This post was written for the Insecure Writer’s Support Group where we share our encouragement or insecurities on the first Wednesday of the month, to join the group or find out more click here.
PK Hrezo | Cathrina Constantine | PJ Colando | Kim Lajevardi | Sandra Cox
OPTIONAL IWSG DAY QUESTION:
What is your favorite writing craft book? Think of a book that every time you read it you learn something, or you are inspired to write or try the new technique. And why?
This question has opened a can of worms. I’ve read over forty… maybe, fifty, or more books on how to write. I’ve even read books that had nothing to do with my genre and still learned something new.
Honestly, every how-to-write manual has something worth discovering.
I started, probably like you did, and read On Writing by Stephen King. I’m sure you’ll agree, it’s an easy and inspirational read by a writing legend.
Which led to more questions and more books.
A course in itself
Writing Fiction: a Guide to Narrative Craft by Janet Burroway
For the writer that has limited access to writing courses and wants a deep dive into writing fiction, this book is for you.
It touches on all the basics, with in-depth examples and detailed explanations on each facet of fiction writing.
I learned so much and landed up adding to my reading list from her recommendations in Appendix B.
EMOTIONAL DEPTH AND BOOK PACING
It’s an older book called: Techniques of the $elling Writer by Dwight V. Swain
Like Burroway’s, Swain’s book covers the basics. He also dives into the Motive-Reaction Unit and offers a deep explanation of Scene-Sequel Pattern that controls the story’s pace.
Characterization and POV became easier once I learned about the MRU. It took practice, but now I automatically choose one or all of these reactions: immediate instinct, first thought, physical response, dialogue.
Each character gets a turn, and it makes the characters come alive. The drama reads as organic, and I love how it plays on the page.
Pacing in a project can be challenging. No drama, drama, drama or yawn, yawn, yawn. Using the scene – sequel pattern comes naturally to me now. It made my work less exhausting for my readers.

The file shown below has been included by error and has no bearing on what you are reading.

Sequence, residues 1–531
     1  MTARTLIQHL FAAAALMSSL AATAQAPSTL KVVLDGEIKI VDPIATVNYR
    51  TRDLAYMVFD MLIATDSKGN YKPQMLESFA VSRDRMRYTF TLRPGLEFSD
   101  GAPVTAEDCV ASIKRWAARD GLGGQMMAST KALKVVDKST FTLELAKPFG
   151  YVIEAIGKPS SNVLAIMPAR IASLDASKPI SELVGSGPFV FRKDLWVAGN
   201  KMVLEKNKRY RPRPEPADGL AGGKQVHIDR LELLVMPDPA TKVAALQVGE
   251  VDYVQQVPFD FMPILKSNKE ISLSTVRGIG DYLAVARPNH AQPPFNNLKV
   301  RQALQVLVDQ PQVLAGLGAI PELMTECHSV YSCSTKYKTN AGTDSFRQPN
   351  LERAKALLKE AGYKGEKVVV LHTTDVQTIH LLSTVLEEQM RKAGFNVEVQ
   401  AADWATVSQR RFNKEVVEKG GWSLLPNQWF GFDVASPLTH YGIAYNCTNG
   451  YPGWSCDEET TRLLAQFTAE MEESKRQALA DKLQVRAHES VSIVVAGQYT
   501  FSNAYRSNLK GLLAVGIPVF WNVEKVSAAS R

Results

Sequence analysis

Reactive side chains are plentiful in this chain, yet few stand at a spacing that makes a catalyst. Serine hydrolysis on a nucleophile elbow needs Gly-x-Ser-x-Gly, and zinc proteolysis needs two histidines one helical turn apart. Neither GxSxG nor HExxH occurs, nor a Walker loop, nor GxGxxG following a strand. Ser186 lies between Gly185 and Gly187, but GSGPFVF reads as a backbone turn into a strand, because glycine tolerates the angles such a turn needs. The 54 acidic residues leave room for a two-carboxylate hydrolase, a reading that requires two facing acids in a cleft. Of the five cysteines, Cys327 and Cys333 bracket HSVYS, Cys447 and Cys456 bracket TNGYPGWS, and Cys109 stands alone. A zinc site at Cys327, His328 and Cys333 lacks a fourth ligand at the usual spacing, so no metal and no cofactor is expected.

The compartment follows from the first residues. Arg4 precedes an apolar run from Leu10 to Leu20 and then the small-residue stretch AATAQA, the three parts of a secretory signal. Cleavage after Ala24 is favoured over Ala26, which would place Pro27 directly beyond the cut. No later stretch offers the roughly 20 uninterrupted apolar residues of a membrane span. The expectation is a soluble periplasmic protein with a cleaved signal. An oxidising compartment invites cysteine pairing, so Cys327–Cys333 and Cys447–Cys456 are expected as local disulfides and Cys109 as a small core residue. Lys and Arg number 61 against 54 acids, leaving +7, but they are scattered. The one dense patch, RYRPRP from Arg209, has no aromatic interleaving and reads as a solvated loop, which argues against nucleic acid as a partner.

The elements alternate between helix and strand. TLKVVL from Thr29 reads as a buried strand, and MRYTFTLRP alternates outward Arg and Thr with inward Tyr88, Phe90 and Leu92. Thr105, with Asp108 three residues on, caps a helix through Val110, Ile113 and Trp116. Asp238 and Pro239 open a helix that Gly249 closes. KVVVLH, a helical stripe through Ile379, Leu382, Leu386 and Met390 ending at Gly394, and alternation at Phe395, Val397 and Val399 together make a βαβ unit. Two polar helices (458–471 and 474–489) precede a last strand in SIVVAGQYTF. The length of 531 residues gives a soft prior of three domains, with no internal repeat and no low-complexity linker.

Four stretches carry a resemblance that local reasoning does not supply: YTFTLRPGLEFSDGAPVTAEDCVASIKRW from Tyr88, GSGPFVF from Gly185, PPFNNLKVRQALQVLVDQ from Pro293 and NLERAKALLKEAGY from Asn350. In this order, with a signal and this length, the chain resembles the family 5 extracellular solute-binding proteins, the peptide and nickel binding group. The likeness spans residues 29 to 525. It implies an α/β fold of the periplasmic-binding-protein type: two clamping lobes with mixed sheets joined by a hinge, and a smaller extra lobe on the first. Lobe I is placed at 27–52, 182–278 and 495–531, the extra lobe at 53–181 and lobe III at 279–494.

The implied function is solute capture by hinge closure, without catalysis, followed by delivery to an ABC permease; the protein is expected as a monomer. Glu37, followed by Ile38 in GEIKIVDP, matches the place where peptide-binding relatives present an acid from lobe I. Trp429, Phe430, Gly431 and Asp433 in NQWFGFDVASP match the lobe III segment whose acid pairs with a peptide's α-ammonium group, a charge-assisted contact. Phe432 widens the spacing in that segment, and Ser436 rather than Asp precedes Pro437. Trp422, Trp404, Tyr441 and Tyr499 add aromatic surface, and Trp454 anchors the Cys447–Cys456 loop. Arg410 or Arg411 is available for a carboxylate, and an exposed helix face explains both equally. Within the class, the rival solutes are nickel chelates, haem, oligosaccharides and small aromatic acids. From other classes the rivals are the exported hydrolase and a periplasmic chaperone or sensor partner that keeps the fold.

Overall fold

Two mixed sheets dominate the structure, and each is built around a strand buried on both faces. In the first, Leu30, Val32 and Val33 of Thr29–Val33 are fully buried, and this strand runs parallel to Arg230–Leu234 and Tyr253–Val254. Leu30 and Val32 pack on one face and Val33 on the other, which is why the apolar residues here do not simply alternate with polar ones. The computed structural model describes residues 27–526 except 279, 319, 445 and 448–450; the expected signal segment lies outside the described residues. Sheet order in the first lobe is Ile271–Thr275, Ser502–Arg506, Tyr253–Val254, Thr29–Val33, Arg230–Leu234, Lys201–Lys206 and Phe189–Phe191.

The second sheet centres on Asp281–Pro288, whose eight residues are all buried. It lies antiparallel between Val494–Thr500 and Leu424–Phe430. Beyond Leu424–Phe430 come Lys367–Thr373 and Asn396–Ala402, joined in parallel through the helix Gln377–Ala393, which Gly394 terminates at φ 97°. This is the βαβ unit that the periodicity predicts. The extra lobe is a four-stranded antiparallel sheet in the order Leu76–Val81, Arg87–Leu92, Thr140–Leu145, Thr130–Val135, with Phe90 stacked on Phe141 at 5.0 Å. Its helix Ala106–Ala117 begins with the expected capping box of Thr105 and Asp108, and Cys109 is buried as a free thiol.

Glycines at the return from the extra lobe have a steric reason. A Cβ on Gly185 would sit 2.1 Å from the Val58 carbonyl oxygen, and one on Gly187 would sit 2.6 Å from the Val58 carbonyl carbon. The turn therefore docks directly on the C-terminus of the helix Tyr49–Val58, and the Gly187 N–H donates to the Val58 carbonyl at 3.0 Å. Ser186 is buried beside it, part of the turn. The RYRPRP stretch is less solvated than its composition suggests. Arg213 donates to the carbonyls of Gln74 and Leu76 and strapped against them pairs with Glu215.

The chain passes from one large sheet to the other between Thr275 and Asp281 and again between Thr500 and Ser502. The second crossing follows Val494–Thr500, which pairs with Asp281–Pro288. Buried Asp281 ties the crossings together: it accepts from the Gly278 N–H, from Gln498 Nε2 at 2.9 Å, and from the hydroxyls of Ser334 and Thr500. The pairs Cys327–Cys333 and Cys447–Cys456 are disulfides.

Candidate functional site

You’ve heard that each scene needs a protagonist with a goal which is blocked by the antagonist, creating conflict. When the protagonist doesn’t achieve their goal, the scene ends in disaster.
The sequel portion of the pattern is where the protagonist takes a moment to process their reaction, consider their dilemma, and decide what they’ll do next. This, of course, gives them a new goal which leads to another scene.
The internet was a great place to find grammar and punctuation advice. I have a few go-to sites like: uToronto, Purdue OWL.
I had all the grammar, punctuation, and fiction writing facets covered. What I needed after that was a way to express myself as a writer. To build expressive paragraphs, everyone needs to create beautiful, descriptive, sentences.
Artful Sentence: Syntax as Style by Virginia Tufte was how I learned to leave the simple to-be sentence behind and embrace the complex.
This book was not an easy read for me. The vocabulary had me looking up word after word. Inside, you’ll learn about every type of modifier, and their placement. This book is the how-to in building the complex sentence.
It turned me into an artist in my own mind. Yes, I’m making fun of myself.
Seriously, I feel so much more comfortable getting my words down now that I dug into her book.
Have you guested my secret?
Most of my non-fiction books are how-to-write manuals. Yes, like you, I have a bookcase full of them. They inspire me. I’ve never gotten through a chapter without jotting down an idea or thinking through some new angle.
What about you… What makes you obsessive? You don’t have to stick to writing on this one. Is it gardening? Your kids? Pets? Yeah, I want to know.
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